Planned Parenthood requires funding

Pro-choice advocates need to urge Congress to reinstate its funding for PP. (AP Photo)

It is no secret that for the past 11 years, the U.S. has been spending outside its means. Between the war on terror, the massive bailout of some of the largest corporations in the U.S. and the deficit spending used to restart the economy, the U.S. has managed to rack up a $1.1 trillion debt. The promise of cutting government spending became the rallying cry of the 2010 midterm elections, and the newly minted Congress has wasted no time trying to whittle away at the U.S.’s massive debt.

This past Friday the House of Representatives voted to defund Planned Parenthood (PP), a nationwide organization that provides reproductive health and family planning services to men, women and teenagers.

It is important to note that PP provides family planning services on the College’s campus.

More often than not, PP is one of the only places where women and men can receive family planning services and reproductive health advice at low or no cost. Services provided by PP include but are not limited to: sexual health education, birth control, pelvic exams, cancer screenings, STI testing and pre-natal care.

At other gynecological offices, these services can cost upwards of hundreds of dollars, but PP has historically charged only as much as the patient can afford, thanks to their sliding scale fee policy. This policy has been able to be maintained because of the amount of federal funding the organization has continually received.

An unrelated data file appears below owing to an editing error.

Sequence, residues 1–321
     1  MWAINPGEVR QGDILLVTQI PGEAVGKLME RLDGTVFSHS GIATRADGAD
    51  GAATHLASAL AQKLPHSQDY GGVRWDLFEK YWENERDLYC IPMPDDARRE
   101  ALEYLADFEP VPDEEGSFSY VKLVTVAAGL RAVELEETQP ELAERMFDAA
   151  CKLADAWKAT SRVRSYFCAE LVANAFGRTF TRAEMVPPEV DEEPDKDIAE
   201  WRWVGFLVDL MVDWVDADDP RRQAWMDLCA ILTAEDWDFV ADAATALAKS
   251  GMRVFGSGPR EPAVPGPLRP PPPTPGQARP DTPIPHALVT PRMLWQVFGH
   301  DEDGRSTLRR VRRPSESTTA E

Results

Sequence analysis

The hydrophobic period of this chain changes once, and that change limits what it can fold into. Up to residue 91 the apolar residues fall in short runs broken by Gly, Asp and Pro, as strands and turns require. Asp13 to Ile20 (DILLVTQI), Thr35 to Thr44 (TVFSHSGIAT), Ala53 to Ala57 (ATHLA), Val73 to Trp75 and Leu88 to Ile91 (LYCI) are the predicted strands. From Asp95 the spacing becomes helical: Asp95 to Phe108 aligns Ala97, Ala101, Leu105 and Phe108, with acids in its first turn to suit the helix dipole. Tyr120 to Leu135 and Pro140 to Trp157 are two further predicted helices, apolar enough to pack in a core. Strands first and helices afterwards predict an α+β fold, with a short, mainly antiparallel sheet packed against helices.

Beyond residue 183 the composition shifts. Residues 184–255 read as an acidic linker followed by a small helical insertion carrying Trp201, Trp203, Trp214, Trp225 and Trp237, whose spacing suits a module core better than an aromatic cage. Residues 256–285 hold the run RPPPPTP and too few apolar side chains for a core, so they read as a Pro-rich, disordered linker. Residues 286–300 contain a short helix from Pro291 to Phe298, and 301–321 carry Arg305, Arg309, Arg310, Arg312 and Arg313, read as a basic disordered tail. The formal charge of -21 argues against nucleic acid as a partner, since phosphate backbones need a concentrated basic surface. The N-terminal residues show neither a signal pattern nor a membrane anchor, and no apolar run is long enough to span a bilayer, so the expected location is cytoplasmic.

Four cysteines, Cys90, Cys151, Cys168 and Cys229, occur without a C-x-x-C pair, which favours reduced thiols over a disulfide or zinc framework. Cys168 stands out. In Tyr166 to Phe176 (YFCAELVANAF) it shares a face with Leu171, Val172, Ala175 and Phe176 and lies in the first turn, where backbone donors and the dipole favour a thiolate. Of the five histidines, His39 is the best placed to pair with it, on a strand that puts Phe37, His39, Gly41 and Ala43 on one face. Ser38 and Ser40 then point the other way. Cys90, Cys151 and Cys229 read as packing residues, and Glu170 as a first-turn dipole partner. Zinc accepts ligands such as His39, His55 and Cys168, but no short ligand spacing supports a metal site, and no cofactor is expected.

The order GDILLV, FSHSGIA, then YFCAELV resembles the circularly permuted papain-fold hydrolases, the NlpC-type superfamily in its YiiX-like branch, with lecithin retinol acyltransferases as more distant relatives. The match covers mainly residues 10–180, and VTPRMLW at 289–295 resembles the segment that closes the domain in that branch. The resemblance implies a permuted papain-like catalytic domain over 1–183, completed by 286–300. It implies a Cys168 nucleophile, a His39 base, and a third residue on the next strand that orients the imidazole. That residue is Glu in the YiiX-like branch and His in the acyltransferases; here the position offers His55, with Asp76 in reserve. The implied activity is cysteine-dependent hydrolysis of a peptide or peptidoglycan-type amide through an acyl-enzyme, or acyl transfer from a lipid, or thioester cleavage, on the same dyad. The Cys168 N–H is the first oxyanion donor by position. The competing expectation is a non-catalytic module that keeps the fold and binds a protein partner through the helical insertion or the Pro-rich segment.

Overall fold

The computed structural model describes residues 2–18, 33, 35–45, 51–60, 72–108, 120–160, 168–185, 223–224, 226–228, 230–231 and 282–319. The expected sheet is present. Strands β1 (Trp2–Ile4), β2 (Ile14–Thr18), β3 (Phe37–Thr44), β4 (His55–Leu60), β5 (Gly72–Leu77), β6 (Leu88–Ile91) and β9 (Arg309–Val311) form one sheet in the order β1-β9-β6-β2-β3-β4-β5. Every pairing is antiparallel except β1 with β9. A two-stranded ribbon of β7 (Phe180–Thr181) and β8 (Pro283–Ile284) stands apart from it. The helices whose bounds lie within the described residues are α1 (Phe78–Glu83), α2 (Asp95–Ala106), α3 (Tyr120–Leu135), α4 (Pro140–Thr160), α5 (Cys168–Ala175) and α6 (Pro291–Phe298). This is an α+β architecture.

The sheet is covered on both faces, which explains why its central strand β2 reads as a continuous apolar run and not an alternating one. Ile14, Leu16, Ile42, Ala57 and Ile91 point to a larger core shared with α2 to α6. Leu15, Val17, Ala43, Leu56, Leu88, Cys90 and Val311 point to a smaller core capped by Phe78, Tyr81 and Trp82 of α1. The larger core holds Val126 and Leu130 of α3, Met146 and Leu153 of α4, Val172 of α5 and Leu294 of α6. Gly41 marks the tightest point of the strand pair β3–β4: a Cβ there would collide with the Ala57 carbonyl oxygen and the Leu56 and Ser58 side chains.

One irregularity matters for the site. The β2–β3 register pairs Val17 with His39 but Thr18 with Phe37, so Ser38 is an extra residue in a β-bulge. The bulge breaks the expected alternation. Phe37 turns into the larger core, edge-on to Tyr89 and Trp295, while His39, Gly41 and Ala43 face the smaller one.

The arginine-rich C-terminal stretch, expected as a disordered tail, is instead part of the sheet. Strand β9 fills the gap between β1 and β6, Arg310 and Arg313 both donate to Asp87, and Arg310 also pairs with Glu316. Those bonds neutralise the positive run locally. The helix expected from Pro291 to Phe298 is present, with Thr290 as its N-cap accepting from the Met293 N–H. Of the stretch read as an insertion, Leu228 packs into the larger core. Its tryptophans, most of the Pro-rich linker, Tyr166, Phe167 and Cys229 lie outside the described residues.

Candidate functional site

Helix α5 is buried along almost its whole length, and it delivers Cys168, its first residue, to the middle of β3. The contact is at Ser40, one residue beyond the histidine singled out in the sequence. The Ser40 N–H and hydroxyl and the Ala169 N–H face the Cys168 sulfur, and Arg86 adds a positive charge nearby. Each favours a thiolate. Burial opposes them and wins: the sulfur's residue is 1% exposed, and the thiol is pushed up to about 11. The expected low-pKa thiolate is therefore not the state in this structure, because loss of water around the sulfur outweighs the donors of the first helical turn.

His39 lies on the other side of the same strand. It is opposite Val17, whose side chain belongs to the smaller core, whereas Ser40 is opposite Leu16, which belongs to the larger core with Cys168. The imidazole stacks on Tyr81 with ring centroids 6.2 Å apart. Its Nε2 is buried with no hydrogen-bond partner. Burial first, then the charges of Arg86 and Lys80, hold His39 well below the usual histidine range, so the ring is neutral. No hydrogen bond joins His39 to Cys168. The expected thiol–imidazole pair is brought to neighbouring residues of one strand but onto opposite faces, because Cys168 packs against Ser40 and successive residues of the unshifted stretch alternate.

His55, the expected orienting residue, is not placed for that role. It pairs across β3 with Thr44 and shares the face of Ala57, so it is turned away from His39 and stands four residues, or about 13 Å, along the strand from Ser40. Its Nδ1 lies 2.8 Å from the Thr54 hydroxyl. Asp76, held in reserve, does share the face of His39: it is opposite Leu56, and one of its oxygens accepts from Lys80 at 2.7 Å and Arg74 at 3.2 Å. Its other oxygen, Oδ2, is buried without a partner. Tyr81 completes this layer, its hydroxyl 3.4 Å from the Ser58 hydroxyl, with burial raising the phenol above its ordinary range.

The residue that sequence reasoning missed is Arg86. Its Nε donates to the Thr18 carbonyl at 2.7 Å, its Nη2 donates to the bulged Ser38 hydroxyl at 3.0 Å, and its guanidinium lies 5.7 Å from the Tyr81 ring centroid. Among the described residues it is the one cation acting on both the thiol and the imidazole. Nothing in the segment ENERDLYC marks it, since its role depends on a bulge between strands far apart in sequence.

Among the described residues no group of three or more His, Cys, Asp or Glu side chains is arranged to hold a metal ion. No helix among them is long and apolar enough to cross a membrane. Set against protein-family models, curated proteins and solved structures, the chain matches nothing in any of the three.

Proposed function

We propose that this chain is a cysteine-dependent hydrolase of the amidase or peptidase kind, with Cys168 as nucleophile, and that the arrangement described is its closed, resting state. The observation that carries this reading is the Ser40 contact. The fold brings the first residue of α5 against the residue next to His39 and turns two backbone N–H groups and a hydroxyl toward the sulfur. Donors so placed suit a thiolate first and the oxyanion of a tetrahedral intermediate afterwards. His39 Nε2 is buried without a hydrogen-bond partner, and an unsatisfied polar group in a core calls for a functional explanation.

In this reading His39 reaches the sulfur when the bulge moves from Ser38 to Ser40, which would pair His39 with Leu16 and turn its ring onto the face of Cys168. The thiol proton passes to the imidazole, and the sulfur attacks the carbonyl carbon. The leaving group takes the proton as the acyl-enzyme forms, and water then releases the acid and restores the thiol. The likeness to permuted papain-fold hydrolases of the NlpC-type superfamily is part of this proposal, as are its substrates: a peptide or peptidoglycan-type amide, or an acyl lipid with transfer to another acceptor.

In a recent debate in the House of Representatives, PP came under fire because some of its offices provide abortion services to patients. Many anti-choice advocates are outraged over this fact because many are misinformed that federal tax dollars are used to fund these abortions.

However, federal money has not been able to be used to fund abortions since 1976 because of the passage and continual reissuance of the Hyde Amendment.

The Hyde Amendment stipulates that American tax dollars cannot be used to fund abortions; this amendment primarily affects men and women who receive their health insurance through Medicaid.

Coincidentally enough, PP provides services to many of those people who fall under Medicaid’s health insurance umbrella. Even with the existence of the Hyde Amendment, many members of the anti-choice movement have convinced themselves that since their tax dollars help fund PP, they are helping to fund abortions.

This past week in Congress, the attack on Planned Parenthood was taken to new heights with mostly Republican, mostly male, members of the House leading the charge.

What these representatives do not realize, or choose to ignore, is that by cutting federal funding to PP they are not stopping PP’s ability to provide abortion services, as PP has not been able to use federal money for abortions since 1976.

What these cuts will do is deny men and women other family planning services that they could not receive elsewhere, including birth control, which helps prevent abortions.

This new action of the anti-choice movement is not only based on misinformation but is also counterintuitive; the best hope for PP now is for pro-choice advocates to stand up and declare: I Stand with Planned Parenthood!